Vodafone Moves International Court Over Tax Dispute With India
Telecom giant seeks appointment of a judge to preside over the arbitration over its Rs 14,200-crore tax case.
British telecom giant Vodafone is believed to have moved the Hague-based International Court of Justice (ICJ) seeking appointment of a judge to preside over the arbitration over its Rs 14,200-crore tax case.
Vodafone this month moved ICJ after arbitrators appointed by it and the government of India failed to reach a consensus on the selection of a neutral/presiding judge of the three-member panel, sources aware of the development said.
Vodafone in 2013 had invoked India-Netherlands bilateral investment treaty seeking resolution to the tax demand imposed on it by enacting a tax law with retrospective effect to sidestep a Supreme Court judgement that went in the company’s favour. Conciliatory proceedings were initiated to resolve the dispute but differences led to a breakdown following which arbitration was initiated.
The government had in June 2014 appointed former Chief Justice of India RC Lahoti as arbitrator while Vodafone named Canadian trial lawyer Yves Fortier as its choice. The two had zeroed in on Abdulqawi Ahmed Yusuf of the ICJ as the presiding arbitrator.
Lahoti recused himself from the case in May 2015 and a month later Yusuf too declined to be part of the panel. Thereafter, India in July last year named Costa Rica-based lawyer Rodrigo Oreamuno to arbitrate on its behalf. But Oreamuno and Fortier have not been able to decide on a presiding arbitrator forcing Vodafone to move ICJ, sources said.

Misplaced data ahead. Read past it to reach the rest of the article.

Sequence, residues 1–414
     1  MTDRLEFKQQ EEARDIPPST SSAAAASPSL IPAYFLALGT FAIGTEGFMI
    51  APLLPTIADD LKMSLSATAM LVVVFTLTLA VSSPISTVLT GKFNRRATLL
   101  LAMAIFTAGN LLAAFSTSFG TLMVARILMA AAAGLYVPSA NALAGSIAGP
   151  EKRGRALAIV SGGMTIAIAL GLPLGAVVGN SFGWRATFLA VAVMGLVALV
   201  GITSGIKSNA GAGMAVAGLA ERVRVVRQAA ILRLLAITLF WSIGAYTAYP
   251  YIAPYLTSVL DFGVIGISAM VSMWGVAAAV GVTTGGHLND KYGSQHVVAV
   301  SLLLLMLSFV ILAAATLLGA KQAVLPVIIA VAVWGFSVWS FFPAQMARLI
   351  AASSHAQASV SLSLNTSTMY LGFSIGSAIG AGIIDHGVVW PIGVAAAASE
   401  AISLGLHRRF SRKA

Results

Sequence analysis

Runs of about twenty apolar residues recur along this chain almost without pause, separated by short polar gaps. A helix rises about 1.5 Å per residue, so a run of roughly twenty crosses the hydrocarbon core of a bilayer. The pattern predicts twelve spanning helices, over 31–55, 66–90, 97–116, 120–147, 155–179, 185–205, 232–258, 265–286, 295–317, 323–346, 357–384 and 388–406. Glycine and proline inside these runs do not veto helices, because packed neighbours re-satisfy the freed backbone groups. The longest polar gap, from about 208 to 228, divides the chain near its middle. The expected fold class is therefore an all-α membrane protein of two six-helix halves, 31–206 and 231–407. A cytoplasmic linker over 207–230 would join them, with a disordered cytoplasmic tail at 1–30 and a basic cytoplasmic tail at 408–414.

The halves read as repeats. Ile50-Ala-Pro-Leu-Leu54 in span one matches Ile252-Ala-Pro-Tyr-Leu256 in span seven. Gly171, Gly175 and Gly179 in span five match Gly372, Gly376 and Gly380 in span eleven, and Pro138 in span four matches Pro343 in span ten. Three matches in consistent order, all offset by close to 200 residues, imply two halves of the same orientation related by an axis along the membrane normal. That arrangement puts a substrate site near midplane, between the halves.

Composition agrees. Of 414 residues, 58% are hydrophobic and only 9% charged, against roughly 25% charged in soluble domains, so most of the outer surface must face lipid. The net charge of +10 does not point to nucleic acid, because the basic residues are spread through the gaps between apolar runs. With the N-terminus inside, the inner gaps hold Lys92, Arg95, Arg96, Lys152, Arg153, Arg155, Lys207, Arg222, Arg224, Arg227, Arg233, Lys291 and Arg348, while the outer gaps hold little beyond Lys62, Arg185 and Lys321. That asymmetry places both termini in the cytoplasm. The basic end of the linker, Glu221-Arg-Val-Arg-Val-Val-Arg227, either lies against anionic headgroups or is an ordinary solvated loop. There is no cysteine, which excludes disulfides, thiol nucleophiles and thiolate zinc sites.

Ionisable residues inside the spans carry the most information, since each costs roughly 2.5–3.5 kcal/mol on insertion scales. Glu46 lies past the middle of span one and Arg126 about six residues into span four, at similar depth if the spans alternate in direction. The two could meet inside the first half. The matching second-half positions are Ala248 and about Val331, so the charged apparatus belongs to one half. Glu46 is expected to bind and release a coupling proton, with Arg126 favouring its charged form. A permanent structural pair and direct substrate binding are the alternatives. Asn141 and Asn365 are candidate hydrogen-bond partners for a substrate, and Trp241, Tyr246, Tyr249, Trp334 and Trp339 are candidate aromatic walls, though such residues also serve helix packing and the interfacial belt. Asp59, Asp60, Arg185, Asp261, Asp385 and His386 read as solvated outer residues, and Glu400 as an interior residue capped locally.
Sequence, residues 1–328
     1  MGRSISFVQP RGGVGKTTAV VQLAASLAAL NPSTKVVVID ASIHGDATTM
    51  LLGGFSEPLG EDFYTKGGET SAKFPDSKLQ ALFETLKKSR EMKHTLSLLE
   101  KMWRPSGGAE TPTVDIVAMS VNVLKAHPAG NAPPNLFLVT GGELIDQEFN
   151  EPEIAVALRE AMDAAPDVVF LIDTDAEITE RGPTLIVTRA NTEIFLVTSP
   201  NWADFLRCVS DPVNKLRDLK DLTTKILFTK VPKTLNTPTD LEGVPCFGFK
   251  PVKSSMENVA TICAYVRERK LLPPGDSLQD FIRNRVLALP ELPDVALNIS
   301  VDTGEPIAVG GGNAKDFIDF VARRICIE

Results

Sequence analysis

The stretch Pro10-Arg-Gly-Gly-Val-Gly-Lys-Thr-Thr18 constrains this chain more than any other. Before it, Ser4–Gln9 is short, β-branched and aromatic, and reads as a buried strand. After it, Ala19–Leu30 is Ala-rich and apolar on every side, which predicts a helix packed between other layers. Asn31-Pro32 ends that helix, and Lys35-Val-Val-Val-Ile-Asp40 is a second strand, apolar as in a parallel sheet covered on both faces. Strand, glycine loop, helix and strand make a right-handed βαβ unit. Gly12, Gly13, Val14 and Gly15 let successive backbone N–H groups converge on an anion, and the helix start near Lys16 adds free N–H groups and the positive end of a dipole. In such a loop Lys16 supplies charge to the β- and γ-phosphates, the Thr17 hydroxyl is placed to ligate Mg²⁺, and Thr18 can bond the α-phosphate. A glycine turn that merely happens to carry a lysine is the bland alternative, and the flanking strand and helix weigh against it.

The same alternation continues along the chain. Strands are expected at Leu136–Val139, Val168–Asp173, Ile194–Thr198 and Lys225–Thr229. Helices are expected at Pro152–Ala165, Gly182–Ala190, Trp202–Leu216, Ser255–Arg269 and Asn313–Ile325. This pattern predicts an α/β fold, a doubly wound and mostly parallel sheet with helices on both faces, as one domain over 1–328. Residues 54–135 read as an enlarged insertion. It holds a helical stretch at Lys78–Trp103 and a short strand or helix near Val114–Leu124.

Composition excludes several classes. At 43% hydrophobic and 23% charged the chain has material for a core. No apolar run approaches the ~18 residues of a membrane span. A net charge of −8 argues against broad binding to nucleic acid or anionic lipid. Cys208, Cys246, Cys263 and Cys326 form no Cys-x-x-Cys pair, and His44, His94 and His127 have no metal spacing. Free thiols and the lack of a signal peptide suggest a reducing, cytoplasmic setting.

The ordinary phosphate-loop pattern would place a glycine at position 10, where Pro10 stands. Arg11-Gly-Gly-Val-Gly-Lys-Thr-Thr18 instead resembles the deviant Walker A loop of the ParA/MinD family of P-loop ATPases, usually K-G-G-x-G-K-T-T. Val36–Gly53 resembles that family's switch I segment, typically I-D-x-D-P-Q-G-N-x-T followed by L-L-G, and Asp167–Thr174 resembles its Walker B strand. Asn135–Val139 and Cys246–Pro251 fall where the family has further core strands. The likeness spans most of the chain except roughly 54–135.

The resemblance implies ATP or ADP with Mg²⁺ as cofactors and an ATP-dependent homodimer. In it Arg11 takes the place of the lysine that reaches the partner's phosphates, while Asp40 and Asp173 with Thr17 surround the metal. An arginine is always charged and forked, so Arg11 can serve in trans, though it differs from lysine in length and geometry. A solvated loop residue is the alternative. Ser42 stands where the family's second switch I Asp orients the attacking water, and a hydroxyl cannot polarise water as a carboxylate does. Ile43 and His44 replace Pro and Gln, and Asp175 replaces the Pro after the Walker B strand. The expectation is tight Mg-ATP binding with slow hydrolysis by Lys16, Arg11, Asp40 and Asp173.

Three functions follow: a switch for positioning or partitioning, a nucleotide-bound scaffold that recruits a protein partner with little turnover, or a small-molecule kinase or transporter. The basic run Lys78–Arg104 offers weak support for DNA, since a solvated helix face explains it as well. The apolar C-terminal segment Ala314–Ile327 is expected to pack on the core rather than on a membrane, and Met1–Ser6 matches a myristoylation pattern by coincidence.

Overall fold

An email sent to Vodafone Plc spokesperson remain unanswered.
Vodafone Tax Dispute: The Timeline
Govt initially slapped a tax demand of Rs 7,990 crore on Vodafone for failing to deduct tax on capital gains made over its $11-billion acquisition of 67 percent stake in the mobile-phone business owned by Hutchison Whampoa in 2007.
Last month the I-T department sent a reminder notice to Vodafone seeking Rs 14,200 crore in tax and interest.
Cairn Energy of UK, which faces a total tax liability of over Rs 29,000 crore owing to the same retrospective legislation, had resorted to ICJ to force the government to join the arbitration.
In March last year, Cairn filed an arbitration notice and named former Bulgarian minister and lawyer Stanimir A Alexandrov as its arbitrator for resolution of the tax demand linked to 2006 reorganisation of Cairn India, its one-time Indian subsidiary with oilfields in Rajasthan.
But the government did not join the arbitration even after six months of being serviced the first notice on grounds that tax issues are not subject matter of arbitration.
Cairn then moved ICJ in September, following which the government named a Singapore-based lawyer J Christopher Thomas as its arbitrator.
The two arbitrators in January appointed Geneva-based arbitrator Laurent Levy as the presiding officer of the three-member arbitrator panel.
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